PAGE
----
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Rodman explains why he never talked to MJ off the court


Here’s a fun fact Dennis Rodman pointed out recently – Jordan, Pippen, and himself are all about the same size. We know Rodman was the rebounder, the enforcer, so we imagine him being bigger than Scottie and MJ. He explained his physicality didn’t come from size but passion for the game.

One of the most dominant rebounders in NBA history, Rodman combined intelligence and effort to best bigger players underneath the rim. He watched a lot of film to analyze his opponents. Positioning and boxing out is half a rebound, and Rodman knew the tendencies of all his matchups. But he didn’t stop there. He would analyze the shot of every outstanding shooter on the opposite team – how many rotations does the ball usually have when they shoot, where does it tend to bounce. All that knowledge was turned into rebounds with a quality Rodman says is most important for rebounding – effort.

“As far as rebounding, it's more hard work than anything else. You have to look at film, you have to look at people, and just put everything on the line.”

Dennis Rodman, via Pardon My Take

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What made them one of the best trios in NBA history was that everyone perfected and committed to their role. MJ took care of the scoring, Pippen was the master defender, and Rodman took care of the rebounds and did all the dirty work. When he talks about it, you can see Rodman loved rebounding and blocking more than he did scoring.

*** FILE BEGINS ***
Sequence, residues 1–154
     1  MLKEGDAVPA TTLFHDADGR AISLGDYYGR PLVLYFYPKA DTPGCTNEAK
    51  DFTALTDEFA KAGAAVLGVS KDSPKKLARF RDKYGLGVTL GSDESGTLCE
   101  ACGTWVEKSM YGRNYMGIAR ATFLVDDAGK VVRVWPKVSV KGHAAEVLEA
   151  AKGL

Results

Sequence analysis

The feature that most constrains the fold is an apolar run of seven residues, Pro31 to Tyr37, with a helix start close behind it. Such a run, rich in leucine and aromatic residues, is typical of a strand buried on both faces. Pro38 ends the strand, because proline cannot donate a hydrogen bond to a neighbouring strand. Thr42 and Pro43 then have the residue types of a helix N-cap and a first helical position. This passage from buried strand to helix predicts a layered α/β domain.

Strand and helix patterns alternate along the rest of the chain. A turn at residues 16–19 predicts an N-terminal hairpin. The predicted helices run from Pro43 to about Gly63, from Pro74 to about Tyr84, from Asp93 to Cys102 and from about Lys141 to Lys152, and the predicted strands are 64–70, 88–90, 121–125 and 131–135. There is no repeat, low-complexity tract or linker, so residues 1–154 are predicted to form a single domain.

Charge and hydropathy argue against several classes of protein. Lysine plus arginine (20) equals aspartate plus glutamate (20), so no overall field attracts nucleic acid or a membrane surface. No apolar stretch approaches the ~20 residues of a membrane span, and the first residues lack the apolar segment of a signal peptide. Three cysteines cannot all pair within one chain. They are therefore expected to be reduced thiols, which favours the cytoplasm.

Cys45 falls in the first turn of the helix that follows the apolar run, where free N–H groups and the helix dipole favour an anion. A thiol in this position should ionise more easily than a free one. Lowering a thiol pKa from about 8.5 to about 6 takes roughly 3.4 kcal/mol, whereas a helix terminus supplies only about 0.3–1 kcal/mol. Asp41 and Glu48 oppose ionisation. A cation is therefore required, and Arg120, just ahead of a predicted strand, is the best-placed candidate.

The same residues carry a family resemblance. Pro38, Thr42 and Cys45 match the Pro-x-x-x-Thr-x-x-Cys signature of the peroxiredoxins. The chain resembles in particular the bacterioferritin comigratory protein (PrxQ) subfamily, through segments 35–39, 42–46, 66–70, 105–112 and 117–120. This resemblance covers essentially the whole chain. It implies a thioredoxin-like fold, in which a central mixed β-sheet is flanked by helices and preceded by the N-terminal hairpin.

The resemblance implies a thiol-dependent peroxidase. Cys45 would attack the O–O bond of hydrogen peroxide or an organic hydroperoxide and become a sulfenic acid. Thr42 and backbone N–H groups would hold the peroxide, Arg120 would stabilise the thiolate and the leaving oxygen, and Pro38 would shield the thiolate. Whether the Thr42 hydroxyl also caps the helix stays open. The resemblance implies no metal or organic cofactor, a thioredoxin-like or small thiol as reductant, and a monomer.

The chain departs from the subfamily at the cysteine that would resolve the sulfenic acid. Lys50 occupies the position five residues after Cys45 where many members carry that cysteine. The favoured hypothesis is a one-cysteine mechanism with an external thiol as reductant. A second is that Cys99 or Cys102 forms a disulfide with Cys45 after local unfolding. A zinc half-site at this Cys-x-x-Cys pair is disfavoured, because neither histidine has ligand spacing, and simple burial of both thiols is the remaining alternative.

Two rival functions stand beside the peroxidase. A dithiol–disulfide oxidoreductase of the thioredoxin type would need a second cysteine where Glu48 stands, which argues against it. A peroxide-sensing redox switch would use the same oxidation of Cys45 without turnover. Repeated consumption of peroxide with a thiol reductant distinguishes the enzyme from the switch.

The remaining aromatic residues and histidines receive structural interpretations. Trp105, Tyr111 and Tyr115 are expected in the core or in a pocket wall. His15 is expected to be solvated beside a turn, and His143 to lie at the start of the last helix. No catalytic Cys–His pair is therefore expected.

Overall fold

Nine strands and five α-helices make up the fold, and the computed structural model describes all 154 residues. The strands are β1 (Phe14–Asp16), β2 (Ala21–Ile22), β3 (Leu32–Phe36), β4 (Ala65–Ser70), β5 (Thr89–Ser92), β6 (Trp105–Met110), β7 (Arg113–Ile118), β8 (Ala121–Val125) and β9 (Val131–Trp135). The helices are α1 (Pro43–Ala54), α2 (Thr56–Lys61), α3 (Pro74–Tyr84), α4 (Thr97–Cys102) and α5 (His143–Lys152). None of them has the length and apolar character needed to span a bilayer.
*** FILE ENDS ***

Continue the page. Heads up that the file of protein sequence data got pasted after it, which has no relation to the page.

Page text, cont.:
“Michael was the scorer, Scottie was Robin, I was the guy that picked up the slack, all the dirty work. We complimented each other very well.” 

Dennis Rodman, via Pardon My Take

The Last Dance gave us the chance to see firsthand what many talked about when describing their off-court relationship. The three didn’t spend much time together off the court, and Rodman didn’t talk to them at all. They took so much pride in perfecting their role on the court; there was no need for a lot of off-court conversation.

“If you see tape of us playing back in the day, we never really bitched at each other at all.”

Dennis Rodman, via Pardon My Take

All three could recognize they shared the drive and passion for being dominant, and that created trust that enabled them to lead the Bulls to their second three-peat.

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